While early reports do not focus on the more than 300,000 recent Central American “border kids” awaiting deportation hearings, it does seem President Obama is making good on his immigration policy promises. The New York Times reports that “… part of Mr. Obama’s plan alone could affect as many as 3.3 million people who have been living in the United States illegally for at least five years, according to an analysis by the Migration Policy Institute, an immigration research organization in Washington. But the White House is also considering a stricter policy that would limit the benefits to people who have lived in the country for at least 10 years, or about 2.5 million people.”
 
The NYT added that “… extending protections to more undocumented immigrants who came to the United States as children, and to their parents, could affect an additional one million or more if they are included in the final plan that the president announces.” Immigration cases, thought by many to be criminal cases, are actually civil actions. For example, immigration “judges” are actually employees of the Justice Department.
 
But officials also said, according to the Times, that patrol agents and judges at the Department of Homeland Security, the Justice Department and other federal law enforcement and judicial agencies, “will make clear that deportations should still proceed for convicted criminals, foreigners who pose national security risks and recent border crossers.”
 

Feds Demanding Interpreters In Civil Cases

In a situation sure to echo nationally, California is scrambling to “voluntarily” remedy a civil rights violation for not providing interpreters in certain civil cases, The Los Angeles Times reports. The Times notes that “… unlike those charged with a crime, people in civil court do not have the constitutional right to an interpreter. For many of California’s nearly 7 million limited-English proficient speakers — about one-third of whom live in Los Angeles County — that makes the system practically impenetrable… the problem led the U.S. Department of Justice last year to conclude that L.A. County and the state’s Judicial Council were violating the Civil Rights Act.
 
The Times explained that the investigation “was prompted by a complaint filed by the Legal Aid Foundation of Los Angeles on behalf of two low-income clients. One had been sexually assaulted and sought a restraining order against her attacker; the other had filed for custody and child support for her son. Both were denied Korean interpreters. Federal authorities have given California the chance to voluntarily improve services. But failure to make the court system accessible to all could result in federal intervention.”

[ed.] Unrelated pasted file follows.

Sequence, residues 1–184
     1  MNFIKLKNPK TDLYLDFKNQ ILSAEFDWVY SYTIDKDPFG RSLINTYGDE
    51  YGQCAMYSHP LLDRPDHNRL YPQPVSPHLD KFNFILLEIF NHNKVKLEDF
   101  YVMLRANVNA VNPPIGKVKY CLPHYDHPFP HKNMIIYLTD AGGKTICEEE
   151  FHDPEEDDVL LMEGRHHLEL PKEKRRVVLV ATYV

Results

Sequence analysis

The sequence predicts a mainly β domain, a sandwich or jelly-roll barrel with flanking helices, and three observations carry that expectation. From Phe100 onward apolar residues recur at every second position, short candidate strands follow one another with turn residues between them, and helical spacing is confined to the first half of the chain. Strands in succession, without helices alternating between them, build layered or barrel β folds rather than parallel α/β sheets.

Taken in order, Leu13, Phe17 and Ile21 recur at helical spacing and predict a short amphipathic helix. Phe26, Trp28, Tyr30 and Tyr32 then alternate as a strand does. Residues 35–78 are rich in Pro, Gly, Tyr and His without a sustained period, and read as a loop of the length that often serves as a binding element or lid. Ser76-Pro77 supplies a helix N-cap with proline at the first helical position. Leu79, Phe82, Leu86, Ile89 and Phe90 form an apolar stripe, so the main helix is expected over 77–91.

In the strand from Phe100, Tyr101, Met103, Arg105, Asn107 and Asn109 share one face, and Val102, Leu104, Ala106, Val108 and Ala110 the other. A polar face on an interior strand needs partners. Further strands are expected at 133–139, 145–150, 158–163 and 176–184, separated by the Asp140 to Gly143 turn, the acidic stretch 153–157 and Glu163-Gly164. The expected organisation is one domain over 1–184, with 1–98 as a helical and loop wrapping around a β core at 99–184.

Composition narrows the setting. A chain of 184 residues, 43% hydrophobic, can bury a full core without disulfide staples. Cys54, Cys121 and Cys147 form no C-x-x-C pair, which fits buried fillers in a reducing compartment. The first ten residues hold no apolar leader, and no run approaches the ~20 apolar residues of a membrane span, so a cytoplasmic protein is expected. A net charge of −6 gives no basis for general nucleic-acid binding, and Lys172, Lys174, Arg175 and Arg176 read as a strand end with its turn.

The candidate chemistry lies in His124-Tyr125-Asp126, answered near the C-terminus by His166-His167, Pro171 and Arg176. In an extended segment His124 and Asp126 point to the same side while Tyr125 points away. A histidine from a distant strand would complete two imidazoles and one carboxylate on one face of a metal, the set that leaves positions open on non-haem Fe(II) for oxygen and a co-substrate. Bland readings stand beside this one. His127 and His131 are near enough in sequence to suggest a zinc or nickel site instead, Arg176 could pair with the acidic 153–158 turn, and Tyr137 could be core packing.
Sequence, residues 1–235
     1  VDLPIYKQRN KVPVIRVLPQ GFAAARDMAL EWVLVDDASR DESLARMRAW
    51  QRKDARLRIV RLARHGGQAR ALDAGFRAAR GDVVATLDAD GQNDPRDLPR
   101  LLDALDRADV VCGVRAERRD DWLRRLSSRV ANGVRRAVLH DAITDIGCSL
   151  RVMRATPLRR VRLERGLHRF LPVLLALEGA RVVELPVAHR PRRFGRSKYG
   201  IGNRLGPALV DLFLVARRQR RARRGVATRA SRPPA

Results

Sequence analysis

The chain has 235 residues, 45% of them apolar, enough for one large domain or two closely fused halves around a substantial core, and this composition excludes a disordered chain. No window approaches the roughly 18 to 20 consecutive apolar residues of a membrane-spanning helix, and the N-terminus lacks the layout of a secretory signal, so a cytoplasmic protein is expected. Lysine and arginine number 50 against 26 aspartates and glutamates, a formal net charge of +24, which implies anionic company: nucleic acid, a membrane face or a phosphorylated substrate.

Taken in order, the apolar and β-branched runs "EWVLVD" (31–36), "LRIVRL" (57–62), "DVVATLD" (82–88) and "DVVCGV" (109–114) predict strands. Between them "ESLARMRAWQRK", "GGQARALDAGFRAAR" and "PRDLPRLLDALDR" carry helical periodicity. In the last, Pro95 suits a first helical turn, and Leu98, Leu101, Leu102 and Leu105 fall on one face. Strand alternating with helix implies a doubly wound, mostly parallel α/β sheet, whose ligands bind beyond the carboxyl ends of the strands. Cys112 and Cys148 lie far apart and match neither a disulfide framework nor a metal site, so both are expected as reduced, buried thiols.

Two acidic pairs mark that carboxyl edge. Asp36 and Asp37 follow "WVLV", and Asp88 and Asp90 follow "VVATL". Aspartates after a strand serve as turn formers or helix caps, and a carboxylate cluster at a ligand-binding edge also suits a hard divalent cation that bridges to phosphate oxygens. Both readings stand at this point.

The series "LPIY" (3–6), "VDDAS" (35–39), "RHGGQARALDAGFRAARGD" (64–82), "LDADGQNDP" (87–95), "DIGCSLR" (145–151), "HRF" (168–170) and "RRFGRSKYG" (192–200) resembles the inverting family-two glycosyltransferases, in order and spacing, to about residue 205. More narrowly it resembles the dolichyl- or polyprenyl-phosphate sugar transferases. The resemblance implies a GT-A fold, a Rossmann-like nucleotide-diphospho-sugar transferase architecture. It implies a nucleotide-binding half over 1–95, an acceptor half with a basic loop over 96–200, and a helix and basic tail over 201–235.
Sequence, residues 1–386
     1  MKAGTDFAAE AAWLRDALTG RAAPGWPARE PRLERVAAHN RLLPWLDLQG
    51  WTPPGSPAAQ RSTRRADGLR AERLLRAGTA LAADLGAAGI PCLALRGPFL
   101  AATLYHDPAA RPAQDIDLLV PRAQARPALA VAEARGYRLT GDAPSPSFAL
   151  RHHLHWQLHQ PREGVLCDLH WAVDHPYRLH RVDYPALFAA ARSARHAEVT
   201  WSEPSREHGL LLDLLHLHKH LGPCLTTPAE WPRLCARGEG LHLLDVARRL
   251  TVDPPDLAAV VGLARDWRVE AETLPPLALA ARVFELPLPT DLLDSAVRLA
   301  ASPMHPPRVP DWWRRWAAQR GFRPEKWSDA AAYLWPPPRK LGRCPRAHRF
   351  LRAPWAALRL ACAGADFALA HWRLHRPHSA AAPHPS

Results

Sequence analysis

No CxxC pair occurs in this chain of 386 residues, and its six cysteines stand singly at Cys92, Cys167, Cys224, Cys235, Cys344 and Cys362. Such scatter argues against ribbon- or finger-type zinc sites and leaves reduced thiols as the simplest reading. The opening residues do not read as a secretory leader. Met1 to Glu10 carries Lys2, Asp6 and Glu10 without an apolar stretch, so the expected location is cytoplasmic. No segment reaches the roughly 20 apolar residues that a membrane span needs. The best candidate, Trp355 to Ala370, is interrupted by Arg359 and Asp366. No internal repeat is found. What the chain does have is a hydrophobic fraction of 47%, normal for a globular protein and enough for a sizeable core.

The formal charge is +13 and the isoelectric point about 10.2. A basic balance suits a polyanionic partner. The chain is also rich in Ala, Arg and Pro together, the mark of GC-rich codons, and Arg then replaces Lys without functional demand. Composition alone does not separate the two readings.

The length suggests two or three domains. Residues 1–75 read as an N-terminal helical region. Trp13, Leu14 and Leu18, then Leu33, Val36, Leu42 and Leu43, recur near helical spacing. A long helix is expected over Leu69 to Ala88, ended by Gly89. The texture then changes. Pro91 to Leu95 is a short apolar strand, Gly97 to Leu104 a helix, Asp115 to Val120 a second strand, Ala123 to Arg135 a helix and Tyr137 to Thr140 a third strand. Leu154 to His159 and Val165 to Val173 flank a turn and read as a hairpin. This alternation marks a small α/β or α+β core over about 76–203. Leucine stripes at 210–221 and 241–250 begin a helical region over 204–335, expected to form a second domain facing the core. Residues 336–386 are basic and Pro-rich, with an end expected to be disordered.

The Times story comes in a context of diminished civil court services and delays in family court, among other challenges. Top court officials have said mere access to courts become a civil rights issue.
 

ICE Holds Down Under ‘Trust Act’ Policy

Some new numbers are confirming that law enforcement officials are holding fewer immigrants on behalf of federal immigration authorities. The change comes under policies of the Trust Act that went into place earlier this year and follow court decisions on the “holds.” The Associated Press reports that “… immigration officials say local authorities across the U.S. released thousands of immigrants from jails this year despite efforts to take them into federal custody, including more than 3,000 with previous felony charges or convictions.”
 
The AP story explains that “… the Trust Act limits the ability of local law enforcement to comply with Immigration and Customs Enforcement requests to hold immigrants longer than their scheduled release date to give ICE time to take them into custody.” Immigration issues are nearly always “civil,” not criminal issues.
 
California’s San Diego County was among the five counties nationwide with the most federal immigration requests declined, according to newly released ICE data. Santa Clara, Los Angeles, Alameda and Miami-Dade, FL, were the other four. In northern California, the number of detainees transferred to ICE custody fell 53 percent during fiscal year 2014, according to ICE. In the Los Angeles area, the number fell by 15 percent. Similar figures weren’t available for San Diego, but in fiscal year 2013, immigration authorities requested that 3,020 detainees be transferred to ICE custody from San Diego and Imperial counties, reports the AP.
 
See the story via California public radio here: Immigration Holds Plummet In First Year Of California’s Trust Act

Supreme Court Considering Key Low-Level Drug Deportation Issue